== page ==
The Extra Mile

The Extra Mile

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It’s interesting to take a look at driving for economy from a distinctly different angle, and to do this we’ll take a look at the characteristics of the Merlin engine used in the Supermarine Spitfire ñ one of the heroes (along with the pilots and the Hurricane) of the Battle of Britain. Spitfires used in the Battle of Britain were early versions, lacking many of the refinements, improved engines and interlocked controls brought in on later variants. Many of the pilots were also very green, as we know, with very few flying hours in their logs and, sadly, their gung-ho enthusiasm often outweighed their knowledge and flying experience. So many pilots lost their lives, or crashed their aircraft, when their 90 gallons of fuel, good for maybe 90 minutes of flying, ran out before they got home. It was established that this was often due to ignorance of the Merlin engine’s characteristics, and not adopting recommended engine settings. Precious fuel was often wasted when cruising home from action zones, rather than when involved in dog-fights with Messerschmitt ME109’s, and the errors were in fact pretty basic, and avoided in later Spitfire variants by building in automatic systems that ensured maximum fuel economy, and increasing fuel capacity.

We need to know a little about the Merlin engine though, and how it operated in the rarefied atmospheres at high altitude. Fundamentally, it relied on a supercharger to boost performance at altitude, to draw enough air into the V12 engine to develop adequate power for combat. Of the many engine controls, there was a control for weak or rich mixture, one for propeller pitch, and the boost control for the supercharger, effectively the throttle, which would need to be increased with altitude, and for maximum performance at any altitude. There was no direct control of engine speed, which was dependent on these control settings, much as we don’t directly control engine speed in our cars, other than by changing gear, the Spitfire equivalent of which was propeller pitch, whilst the accelerator equivalent was the charge boost. The sharper the angle of the propeller blade, the stronger it bites into the air, and in effect the lower the effective gear. If you were cruising at low altitude you could feather the propeller and in effect drop into a high gear, but need to increase propeller angle and supercharger boost as you climbed into less dense air. Notes from RAF Fighter Command memos explain the story in their terms:

ìPilots have been told to fly at low rpm and high boost to economise on petrol. All pilots must know (and adopt) the correct rpm and boost at which to obtain the longest duration of flight or range.

Wings must still fly at the most economical rpm when flying under enemy RDF screens (it’s often not recognised that Germany had effective radar at the outbreak of WW2), but it is essential that, as soon as they are liable to be detected, they open up to maximum power for formation flying.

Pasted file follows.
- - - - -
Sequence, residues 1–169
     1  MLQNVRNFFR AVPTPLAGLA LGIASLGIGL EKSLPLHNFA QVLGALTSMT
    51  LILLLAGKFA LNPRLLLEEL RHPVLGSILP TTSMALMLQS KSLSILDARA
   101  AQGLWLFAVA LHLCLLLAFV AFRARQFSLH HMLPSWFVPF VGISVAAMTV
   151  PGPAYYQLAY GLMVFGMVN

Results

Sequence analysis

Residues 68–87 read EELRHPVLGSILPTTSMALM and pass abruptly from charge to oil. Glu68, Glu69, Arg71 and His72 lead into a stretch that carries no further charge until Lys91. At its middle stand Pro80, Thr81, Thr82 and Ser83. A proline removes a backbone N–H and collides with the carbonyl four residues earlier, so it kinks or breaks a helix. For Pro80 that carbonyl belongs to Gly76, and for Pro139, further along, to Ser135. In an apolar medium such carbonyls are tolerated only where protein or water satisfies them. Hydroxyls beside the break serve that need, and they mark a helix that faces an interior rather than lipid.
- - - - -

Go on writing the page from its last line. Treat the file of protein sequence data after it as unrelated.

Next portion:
The acceleration of the Spitfire is relatively poor. It is therefore dangerous to cruise at low boost, say, +2psi boost, and at 1,900rpm, when the Hun is about (love that 1940’s language!), because the time taken to accelerate up to maximum speed will allow him to quickly close into firing range.î

Later writers added ìA Mk V Spitfire could fly at 225 knots at 10,000ft and burn only 29 gallons an hour of fuel, but that was a suicidal speed and altitude over enemy territory, even if a reasonable strategy to adopt over the last part of the Channel on a homeward flight, or while looking for the home airfield.î

So, there we have it. The critical settings were best adapted according to prevailing conditions, and the economy settings were really only advisable when safe. The Merlin engine could, of course, switch from low engine speed and high boost to prepare for combat, or to escape, but the few seconds delay involved in building power and speed were critical, so pilots needed to be ready for the ìHun coming out of the sun,î but often failed to use more economical settings when the threat was low. It reminds me of times past, when I drove quite aggressively, and learnt from my father to sit in a low gear behind any car you were waiting to overtake, ready to put your foot down and get instant acceleration. Effective, but not good for economy, which rarely topped 30 miles per gallon in my VW Beetle.

Victor Harman 

One Response

  1. Sir Stanley Hooker, joined Rolls Royce and his first job ( given to him by “accident” ) to sort out the Supercharger of the RR Merlin, Sir Stanley went on to develop axial RR jet engines,

    Retired by the time RR were developing the RB211 which sent the company to bankruptcy, he and his colleagues came out of retirement and they fixed the RB211 in a matter of weeks.

    His autobiography is titled Not Much of an Engineer, highly recommended!

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